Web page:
# Wave incident on medium that can support more than one wavenumber at a time?

Suppose that there exists a medium whose dispersion relation has more than one root in $k$ for a certian $\omega$. One such medium (out of the many possibilities) might have a dispersion relation like,

$$(\omega^2-c_a^2k^2)(\omega^2-c_b^2k^2) = 0$$

Which would support one wave with phase velocity $c_a$ and another with phase velocity $c_b$.

Now, suppose that this medium is put next to a "regular" one that obeys the wave equation. Then you'd get the "reflection at normal incidence" problem, but instead of having one transmitted wave you would have two.

Continuity and derivative continuity don't constraint the problem enough. What do I need to do in order to solve this reflection problem in the general case?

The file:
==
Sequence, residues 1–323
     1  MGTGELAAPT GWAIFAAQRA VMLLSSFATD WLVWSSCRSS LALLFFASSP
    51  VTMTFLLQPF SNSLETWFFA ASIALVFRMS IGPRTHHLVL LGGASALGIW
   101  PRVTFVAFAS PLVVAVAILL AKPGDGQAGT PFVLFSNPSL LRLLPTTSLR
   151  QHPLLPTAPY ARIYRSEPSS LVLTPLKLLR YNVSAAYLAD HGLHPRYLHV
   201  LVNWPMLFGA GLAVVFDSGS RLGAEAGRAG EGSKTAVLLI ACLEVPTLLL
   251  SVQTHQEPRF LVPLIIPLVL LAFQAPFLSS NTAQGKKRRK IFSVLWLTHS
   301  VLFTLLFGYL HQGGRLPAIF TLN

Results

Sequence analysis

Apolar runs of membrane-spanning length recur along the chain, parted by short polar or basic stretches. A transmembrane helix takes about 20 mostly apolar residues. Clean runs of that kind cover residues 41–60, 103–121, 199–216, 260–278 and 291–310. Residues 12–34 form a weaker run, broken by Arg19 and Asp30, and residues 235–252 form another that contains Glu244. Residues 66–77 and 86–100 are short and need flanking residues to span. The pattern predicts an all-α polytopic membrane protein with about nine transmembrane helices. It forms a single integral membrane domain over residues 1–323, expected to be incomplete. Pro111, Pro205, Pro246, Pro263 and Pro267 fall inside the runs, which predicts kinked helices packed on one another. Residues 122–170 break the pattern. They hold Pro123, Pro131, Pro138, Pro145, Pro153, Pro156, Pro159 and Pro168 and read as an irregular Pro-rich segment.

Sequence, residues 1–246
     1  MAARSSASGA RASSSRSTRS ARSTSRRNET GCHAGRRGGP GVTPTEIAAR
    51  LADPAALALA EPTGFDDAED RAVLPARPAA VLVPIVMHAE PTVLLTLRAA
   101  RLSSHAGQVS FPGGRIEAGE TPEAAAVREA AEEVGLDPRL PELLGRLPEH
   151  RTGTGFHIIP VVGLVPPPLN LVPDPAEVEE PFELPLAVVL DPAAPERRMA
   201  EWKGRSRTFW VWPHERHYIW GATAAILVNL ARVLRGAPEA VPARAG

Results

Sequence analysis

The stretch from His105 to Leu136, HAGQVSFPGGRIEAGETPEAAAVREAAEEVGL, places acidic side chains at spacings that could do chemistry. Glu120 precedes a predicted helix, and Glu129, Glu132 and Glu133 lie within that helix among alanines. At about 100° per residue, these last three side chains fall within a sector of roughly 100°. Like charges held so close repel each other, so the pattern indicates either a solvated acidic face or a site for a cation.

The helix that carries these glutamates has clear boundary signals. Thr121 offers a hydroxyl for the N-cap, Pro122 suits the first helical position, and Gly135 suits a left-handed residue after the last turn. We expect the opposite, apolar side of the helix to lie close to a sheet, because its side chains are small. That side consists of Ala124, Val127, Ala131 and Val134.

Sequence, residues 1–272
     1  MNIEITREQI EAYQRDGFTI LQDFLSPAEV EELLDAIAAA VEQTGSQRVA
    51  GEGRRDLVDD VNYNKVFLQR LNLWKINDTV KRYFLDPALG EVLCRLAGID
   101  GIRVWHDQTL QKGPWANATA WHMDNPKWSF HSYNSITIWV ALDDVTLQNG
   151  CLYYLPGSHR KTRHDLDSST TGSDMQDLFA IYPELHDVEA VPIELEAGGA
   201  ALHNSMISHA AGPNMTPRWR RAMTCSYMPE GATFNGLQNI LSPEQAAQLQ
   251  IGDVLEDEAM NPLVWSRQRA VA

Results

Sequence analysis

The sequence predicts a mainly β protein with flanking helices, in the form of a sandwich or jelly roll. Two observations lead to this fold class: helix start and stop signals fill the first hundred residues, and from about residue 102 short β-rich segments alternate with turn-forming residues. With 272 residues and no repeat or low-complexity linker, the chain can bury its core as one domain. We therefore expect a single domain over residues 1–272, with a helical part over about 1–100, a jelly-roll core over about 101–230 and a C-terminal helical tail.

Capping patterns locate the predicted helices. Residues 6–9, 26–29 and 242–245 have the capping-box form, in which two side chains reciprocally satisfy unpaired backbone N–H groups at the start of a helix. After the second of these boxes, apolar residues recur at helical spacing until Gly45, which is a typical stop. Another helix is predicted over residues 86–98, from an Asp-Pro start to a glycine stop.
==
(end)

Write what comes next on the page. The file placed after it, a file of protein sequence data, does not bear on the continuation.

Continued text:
• How many polarization states does your wave have? Commented Jul 26, 2018 at 20:53
• You have to switch to microscopic equations. Think about a big bunch of masses on springs which you drive at a given frequency. If there are multiple modes resonant at that frequency, where does the energy go? Clearly you can’t answer this knowing the frequencies alone, but it’s trivial using $F=ma$. Commented Jul 26, 2018 at 21:09
• The reason I ask my question, BTW, is that it makes a difference for the character of the PDE that underlies the dispersion relation, which is why the usual boundary condition matching may not be working for you. Commented Jul 27, 2018 at 12:55

Summary: As a general rule, if the dispersion relation is an $n$th-order polynomial in $k$, then you need to specify $n$ spatial boundary conditions. In particular, you would need to specify four spatial boundary conditions at the interface between the media. If we're talking about a scalar wave, without any polarization states, this implies that you would need to specify continuity of the function and its first through third derivatives to solve for the transmitted wave.